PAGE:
Child Statelessness in Europe

The 1989 UN Convention on the Rights of the Child (‘the 1989 Convention’) requires States Parties to ensure the right of every child to acquire a nationality. Notwithstanding this obligation, incidences of child statelessness remain in Europe and in that regard European states have failed to live up to their international commitments.

A want of nationality means that a child has no home in the world to which he or she belongs as of right. Moreover, as a result, often that child will lack access to rights, services, standards of protection and the tools necessary to ensure a life lived in dignity with opportunity for personal development.

Surprisingly, there are hundreds of thousands of stateless persons in Europe and statelessness is often passed down from parent to child without action being taken by states to ensure that a durable solution is found by way of acquisition of nationality.

It is not hard to make provision to eliminate existing incidences of statelessness and to ensure that prospective cases do not arise. However, it will take concerted effort by states to make revisions to their respective national laws and administrative procedures and practice.

At the heart of such an exercise is the core task for each state to ensure that all children born stateless on its territory automatically acquire its nationality at birth by operation of law, or as soon as possible afterwards. This is consistent with the 1989 Convention (articles 3, 7), whereby the best interests of a child are a primary consideration when making provision for a child to acquire a nationality.

Moreover, as the excellent European Network on Statelessness (‘ENS’) report  No Child Should Be Stateless (September 2015) advocates, further special measures are required of states, to ‘actively facilitate access to nationality where statelessness arises, including the enhanced identification of relevant cases, in order to avoid such scenarios as where a child is labelled as being of “unknown nationality” for a prolonged period of time.’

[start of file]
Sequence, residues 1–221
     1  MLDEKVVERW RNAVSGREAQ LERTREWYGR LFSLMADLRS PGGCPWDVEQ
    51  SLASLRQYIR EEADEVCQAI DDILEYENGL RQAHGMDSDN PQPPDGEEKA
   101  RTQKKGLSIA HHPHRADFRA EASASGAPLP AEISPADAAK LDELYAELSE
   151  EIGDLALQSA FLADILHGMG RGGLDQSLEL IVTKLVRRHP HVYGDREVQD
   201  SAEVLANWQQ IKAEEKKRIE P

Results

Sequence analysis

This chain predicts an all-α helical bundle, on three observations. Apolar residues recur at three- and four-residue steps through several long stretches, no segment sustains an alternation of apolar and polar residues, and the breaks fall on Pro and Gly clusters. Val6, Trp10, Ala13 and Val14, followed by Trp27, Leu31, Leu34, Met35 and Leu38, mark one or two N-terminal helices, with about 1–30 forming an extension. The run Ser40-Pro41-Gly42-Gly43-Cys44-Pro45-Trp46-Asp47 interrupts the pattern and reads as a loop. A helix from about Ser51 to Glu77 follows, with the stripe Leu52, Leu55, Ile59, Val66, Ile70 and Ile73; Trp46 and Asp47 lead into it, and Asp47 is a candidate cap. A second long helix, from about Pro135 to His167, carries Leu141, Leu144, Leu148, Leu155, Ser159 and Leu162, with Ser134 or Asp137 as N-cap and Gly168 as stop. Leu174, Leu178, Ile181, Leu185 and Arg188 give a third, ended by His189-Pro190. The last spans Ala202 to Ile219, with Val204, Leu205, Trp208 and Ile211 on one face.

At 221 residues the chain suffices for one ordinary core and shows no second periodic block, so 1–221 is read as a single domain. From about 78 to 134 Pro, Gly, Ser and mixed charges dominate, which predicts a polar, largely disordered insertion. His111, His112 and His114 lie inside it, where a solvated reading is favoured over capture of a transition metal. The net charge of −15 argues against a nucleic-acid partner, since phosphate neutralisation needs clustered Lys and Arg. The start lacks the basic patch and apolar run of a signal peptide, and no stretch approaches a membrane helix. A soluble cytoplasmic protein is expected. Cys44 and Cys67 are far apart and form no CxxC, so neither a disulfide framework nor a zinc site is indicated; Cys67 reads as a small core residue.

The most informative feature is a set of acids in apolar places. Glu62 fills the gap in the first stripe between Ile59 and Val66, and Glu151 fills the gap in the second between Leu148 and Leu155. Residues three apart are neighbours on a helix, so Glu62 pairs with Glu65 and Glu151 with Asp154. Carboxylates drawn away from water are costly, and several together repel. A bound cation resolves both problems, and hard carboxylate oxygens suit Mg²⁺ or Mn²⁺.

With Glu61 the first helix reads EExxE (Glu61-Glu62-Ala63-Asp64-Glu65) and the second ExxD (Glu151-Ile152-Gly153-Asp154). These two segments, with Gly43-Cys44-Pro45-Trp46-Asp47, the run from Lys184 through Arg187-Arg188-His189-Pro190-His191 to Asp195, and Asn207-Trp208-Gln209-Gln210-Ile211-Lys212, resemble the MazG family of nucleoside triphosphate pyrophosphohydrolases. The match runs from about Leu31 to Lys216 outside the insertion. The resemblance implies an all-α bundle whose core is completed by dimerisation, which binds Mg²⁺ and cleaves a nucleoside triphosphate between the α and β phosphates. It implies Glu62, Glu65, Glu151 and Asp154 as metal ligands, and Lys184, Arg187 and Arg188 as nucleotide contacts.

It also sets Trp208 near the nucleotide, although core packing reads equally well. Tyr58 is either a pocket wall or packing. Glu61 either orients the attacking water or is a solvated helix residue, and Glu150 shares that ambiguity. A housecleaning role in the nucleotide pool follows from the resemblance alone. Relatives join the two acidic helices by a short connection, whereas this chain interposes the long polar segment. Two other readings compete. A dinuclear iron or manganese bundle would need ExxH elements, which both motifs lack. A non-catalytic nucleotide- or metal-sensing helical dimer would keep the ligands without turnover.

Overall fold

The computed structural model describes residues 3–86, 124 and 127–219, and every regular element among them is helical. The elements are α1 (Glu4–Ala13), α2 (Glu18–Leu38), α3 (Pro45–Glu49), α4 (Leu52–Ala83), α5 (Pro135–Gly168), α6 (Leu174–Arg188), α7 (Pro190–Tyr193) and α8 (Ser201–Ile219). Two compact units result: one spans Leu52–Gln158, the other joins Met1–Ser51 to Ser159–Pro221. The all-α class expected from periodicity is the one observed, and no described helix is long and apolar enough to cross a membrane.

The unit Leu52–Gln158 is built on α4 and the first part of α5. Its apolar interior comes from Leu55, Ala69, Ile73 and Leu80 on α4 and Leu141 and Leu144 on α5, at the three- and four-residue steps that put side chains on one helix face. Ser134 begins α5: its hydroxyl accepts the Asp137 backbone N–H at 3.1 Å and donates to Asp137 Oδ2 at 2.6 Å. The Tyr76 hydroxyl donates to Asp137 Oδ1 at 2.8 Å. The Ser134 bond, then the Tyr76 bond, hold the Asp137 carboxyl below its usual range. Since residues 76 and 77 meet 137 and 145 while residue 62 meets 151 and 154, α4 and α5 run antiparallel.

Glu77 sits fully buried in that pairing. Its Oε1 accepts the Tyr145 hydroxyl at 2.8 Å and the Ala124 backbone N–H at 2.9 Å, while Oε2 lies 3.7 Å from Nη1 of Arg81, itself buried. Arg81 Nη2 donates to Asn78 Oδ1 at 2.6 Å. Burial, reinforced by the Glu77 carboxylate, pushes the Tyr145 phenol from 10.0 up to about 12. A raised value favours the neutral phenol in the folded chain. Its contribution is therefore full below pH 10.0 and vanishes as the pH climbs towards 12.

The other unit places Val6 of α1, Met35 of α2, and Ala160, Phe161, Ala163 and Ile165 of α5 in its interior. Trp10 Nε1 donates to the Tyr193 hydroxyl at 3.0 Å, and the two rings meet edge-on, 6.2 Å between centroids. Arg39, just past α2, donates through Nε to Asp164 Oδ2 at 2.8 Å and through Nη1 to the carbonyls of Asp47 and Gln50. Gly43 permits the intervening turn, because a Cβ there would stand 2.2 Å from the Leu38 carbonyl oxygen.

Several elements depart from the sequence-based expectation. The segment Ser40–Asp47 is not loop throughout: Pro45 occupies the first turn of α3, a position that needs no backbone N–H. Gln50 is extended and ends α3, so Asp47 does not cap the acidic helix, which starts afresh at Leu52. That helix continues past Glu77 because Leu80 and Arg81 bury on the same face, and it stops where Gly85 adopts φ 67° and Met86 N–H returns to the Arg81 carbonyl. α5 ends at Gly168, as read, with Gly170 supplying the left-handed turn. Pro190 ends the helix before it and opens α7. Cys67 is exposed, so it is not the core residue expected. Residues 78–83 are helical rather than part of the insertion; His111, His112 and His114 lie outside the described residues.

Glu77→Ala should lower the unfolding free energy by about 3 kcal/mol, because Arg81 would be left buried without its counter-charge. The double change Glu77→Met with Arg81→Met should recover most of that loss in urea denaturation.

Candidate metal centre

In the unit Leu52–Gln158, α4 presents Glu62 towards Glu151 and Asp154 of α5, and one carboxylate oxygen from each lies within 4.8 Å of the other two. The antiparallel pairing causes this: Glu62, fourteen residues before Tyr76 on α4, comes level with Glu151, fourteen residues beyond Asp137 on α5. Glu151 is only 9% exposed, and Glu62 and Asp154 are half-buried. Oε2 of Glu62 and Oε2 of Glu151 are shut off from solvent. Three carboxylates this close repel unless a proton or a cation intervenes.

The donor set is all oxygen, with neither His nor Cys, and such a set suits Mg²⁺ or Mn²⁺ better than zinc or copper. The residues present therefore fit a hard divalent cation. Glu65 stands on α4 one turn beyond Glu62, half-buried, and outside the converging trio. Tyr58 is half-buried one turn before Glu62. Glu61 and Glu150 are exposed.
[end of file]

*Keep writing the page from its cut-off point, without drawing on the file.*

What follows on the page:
In addition the report recommends improvements to the provision of information on applicable nationality procedures to those affected, as well as the resolution of the structural problems that inhibit the enjoyment of nationality, for example through the identification and elimination of barriers that restrict access to birth registration for groups vulnerable to exclusion from belonging to the country in which they are present.

Among the groups at particular risk of statelessness, the report identifies:

· Children born to irregular migrants or to Refugees

· Children of same-sex couples

· Children commissioned by European parents through international

commercial surrogacy, and

· Children who have been abandoned

Among the recommendations to governments found in the report, the following stand out as particularly important:

· To design and implement a National Action Plan as part of UNHCR’s #ibelong campaign, which seeks to eradicate statelessness by 2024

· To accede to the 1961 Convention on the Reduction of Statelessness and the 1997 European Convention on Nationality

· To implement measures to fulfil children’s right to a nationality, in accordance with article 7 of the 1989 Convention and General Comment No. 5 of the Committee on the Rights of the Child. Such measures may include:

(i) The removal of any reservations to the relevant treaties

(ii) Legislative review and reform in accordance with international

standards and principles

(iii) Child Rights Impact Assessments

(iv) Outreach and information campaigns

(v) Collaboration with civil society and international cooperation.

· To review and improve data collection and reporting methods relating to childhood statelessness, including birth registration, disaggregating such data by age and gender

· To build the capacity of relevant administrative and judicial bodies (by training among other things) to identify and address situations of childhood statelessness and to ensure that actions are taken in accordance with relevant international standards, jurisprudence and related authoritative guidance of international bodies such as the Committee on the Rights of the Child and UNHCR

The report identifies tasks that are urgently required to eliminate and prevent statelessness throughout European states, whether it occurs among the settled population or among those who have migrated into a state. Its recommendations deserve urgent consideration.

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